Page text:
We will see you right here for Devils-Rangers coverage on Thursday. Again, if you wish, please remember to comment on this and any other post on the site. We really appreciate it.

West Wins AHL All-Star Skills Competition

The American Hockey League presented their All-Star Skills Competition earlier tonight from the Massmutual Center in Springfield, Massachusetts with the Western Conference coming away with the victory 17-14 over seven events. The Binghamton Devils were represented by goaltender Mackenzie Blackwood and forward John Quenneville.

The first event of the evening was the Puck Control Relays as players skated a puck through cones set out on the ice. The first two races were team-based while the final two were one-on-one between two skaters.

First up, the Western Conference team of Jordan Kyrou (San Antonio Rampage), Sheldon Rempal (Ontario Reign) and Kyle Capobianco (Tucson Roadrunners) faced off with the Eastern Conference’s Drake Batherson (Belleville Senators), Sebastian Aho (Bridgeport Sound Tigers) and Christian Wolanin (Belleville – he is the son of former Devil Craig Wolanin). The West was awarded a goal on this one, winning the heat.

The East took the second race, with Andrew Poturalski (Charlotte Checkers), Ethan Prow (Wilkes-Barre/Scranton Penguins) and Trevor Moore (Toronto Marlies) defeating the West’s Francis Perron (San Jose Barracuda), Cooper Marody (Bakersfield Condors) and Andrew Agozzino (Colorado Eagles).

The next two heats were one-on-one with the East taking both. Nathan Gerbe (Cleveland Monsters) defeated Erik Brannstrom (Chicago Wolves) in Race #3 and Anthony Greco (Springfield Thunderbirds) beat Cal O’Reilly (Iowa Wild) in Race #4.

The East had taken three of the first four goals and were up 3-1 after one event. Next up was the Fastest Skater, with two goals on the line (player with the fastest time and fastest average time for the team).

The East took the fastest individual skater, as Greco won in a AHL-record time of 13.251. However, the West took the best average time as Sean Walker of Ontario recorded a time of 14.057, Denis Gurlanov of the Texas Stars completed the course in 13.703 and Kyrou got a time of 13.520. Brendan Guhle (Rochester Americans) with 13.648 and John Gilmour (Hartford Wolf Pack) with 14.428 rounded out the East’s times.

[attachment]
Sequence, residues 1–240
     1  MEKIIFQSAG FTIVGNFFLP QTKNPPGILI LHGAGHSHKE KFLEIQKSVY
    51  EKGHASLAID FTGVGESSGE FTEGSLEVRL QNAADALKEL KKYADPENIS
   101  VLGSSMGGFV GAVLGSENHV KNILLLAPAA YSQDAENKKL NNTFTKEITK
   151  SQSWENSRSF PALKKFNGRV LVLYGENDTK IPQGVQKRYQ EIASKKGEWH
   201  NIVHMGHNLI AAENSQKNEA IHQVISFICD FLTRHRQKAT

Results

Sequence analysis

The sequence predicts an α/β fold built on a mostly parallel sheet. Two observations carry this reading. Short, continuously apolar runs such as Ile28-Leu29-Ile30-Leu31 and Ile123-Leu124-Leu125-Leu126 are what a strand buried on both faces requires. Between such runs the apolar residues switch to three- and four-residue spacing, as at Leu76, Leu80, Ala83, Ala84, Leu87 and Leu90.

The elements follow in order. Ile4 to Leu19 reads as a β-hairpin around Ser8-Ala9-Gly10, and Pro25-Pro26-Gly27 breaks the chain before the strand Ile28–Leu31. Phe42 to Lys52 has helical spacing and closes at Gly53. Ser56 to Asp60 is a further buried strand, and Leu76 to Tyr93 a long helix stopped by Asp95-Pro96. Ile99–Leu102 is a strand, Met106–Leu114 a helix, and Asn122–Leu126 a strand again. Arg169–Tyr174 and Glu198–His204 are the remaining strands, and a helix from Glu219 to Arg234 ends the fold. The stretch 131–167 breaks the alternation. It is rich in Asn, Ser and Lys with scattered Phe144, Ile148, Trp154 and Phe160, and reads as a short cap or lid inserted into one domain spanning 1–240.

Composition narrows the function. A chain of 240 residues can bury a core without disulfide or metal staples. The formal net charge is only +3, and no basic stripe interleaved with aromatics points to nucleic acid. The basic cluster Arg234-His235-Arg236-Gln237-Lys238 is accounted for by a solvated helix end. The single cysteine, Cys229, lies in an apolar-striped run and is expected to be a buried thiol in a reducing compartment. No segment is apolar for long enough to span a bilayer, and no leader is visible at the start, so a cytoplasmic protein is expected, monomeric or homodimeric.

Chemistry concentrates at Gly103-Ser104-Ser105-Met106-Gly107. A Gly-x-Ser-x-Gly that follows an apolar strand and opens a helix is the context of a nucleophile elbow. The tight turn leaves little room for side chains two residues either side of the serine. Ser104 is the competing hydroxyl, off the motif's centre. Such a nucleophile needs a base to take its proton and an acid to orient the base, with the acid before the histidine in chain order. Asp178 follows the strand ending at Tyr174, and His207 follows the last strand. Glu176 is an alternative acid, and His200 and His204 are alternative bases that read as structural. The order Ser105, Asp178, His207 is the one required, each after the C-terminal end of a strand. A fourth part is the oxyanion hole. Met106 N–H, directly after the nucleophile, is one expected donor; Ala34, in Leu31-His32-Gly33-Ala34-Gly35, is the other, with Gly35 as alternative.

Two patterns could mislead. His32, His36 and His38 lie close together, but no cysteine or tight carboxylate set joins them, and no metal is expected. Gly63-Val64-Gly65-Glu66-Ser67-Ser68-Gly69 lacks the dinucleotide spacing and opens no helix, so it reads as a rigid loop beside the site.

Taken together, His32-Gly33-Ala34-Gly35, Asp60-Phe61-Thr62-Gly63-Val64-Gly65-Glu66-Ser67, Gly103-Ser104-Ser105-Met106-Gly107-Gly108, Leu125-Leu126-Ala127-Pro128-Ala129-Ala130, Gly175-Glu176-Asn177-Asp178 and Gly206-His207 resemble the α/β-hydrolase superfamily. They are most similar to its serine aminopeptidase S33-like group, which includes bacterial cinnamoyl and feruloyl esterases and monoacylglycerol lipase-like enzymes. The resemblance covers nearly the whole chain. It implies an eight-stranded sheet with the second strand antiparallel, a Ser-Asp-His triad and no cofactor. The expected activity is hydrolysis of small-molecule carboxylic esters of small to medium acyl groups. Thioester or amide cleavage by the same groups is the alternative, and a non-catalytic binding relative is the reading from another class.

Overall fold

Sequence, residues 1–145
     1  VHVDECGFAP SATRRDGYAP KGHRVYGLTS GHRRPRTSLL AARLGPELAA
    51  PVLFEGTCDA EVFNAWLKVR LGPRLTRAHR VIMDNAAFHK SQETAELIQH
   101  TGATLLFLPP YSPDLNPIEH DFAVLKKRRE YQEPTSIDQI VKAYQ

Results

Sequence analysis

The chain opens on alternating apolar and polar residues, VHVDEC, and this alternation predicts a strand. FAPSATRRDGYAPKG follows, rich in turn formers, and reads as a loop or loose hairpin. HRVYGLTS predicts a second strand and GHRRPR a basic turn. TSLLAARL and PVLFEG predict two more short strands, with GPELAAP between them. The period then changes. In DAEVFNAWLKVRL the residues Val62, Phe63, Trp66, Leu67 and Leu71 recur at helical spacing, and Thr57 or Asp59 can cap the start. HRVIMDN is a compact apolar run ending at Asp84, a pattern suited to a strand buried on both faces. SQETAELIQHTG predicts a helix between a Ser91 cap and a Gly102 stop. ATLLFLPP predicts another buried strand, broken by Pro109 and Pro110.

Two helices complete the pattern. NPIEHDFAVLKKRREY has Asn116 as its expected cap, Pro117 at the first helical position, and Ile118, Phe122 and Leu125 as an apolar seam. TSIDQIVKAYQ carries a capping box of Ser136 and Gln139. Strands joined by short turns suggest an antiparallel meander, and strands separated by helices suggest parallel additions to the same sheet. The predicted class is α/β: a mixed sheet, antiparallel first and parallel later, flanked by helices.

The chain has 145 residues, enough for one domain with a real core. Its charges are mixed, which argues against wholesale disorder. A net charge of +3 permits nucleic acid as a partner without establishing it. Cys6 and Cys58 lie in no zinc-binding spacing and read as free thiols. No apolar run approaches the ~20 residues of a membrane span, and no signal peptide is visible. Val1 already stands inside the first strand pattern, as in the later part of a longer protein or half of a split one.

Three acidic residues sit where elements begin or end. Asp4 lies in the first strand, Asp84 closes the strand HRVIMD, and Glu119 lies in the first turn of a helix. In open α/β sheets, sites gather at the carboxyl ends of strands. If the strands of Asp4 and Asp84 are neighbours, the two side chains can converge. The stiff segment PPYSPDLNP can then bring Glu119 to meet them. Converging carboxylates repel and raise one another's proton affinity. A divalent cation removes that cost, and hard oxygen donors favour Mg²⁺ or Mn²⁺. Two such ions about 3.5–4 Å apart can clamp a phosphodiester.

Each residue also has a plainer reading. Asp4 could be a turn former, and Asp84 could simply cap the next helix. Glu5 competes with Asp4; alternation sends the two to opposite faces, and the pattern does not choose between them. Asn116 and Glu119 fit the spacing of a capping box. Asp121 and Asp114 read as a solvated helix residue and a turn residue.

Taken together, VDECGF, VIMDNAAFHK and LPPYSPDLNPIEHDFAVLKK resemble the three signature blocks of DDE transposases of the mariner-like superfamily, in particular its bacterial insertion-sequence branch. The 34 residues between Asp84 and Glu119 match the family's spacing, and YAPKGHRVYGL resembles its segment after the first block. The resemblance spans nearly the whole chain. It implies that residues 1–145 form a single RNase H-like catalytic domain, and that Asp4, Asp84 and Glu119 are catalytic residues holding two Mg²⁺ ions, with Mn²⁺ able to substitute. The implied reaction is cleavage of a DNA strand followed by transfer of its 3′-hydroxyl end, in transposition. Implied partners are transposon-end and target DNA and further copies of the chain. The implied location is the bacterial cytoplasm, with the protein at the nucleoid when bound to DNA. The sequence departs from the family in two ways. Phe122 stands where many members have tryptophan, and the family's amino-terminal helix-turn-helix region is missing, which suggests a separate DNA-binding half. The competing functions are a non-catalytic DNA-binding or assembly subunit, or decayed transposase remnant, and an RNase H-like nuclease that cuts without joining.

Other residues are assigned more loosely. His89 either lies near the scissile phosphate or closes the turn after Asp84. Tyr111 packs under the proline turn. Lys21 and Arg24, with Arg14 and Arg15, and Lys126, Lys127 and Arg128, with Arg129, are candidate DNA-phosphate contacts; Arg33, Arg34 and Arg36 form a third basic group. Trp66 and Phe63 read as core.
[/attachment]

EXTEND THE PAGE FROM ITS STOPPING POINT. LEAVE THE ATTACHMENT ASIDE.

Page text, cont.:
The East was up 4-2 heading into the Rapid Fire event. The object here was for two shooters to fire ten pucks (five for each shooter) at a goalie and score as many as they could.

The first goalie up was Josef Korenar (San Jose) who faced the Lehigh Valley Phantoms’ Colin McDonald and Charlotte’s Trevor Carrick. He stopped six of ten. Blackwood was up first for the East, facing Curtis Lazar (Stockton Heat) and Daniel Carr (Chicago). He stopped four of ten. Iowa’s Kaapo Kahkonen took the net from there, facing former Devil Reid Boucher of the Utica Comets and Jordan Szwarz of the Providence Bruins. He made eight saves. Vitek Vanecek (Hershey Bears) faced Joel L’Esperance (Texas) and Chris Terry (Grand Rapids Griffins), making six saves. Kevin Boyle of the San Diego Gulls was next, stopping six against the Syracuse Crunch’s Cory Conacher and Alex Belzile of the Laval Rocket. Connor Ingram of Syracuse faced Logan Shaw of the Manitoba Moose and Michael Bunting of Tucson and stopped four shots. Troy Grosenick of the Milwaukee Adirmals stepped into the shooting gallery, making eight saves against Michael Dal Colle of Bridgeport and Calle Rosen of Toronto. And finally was Sam Montembeault of the hometown Thunderbirds who stopped six of Joe Gambardella (Bakersfield) and Rempal’s shots.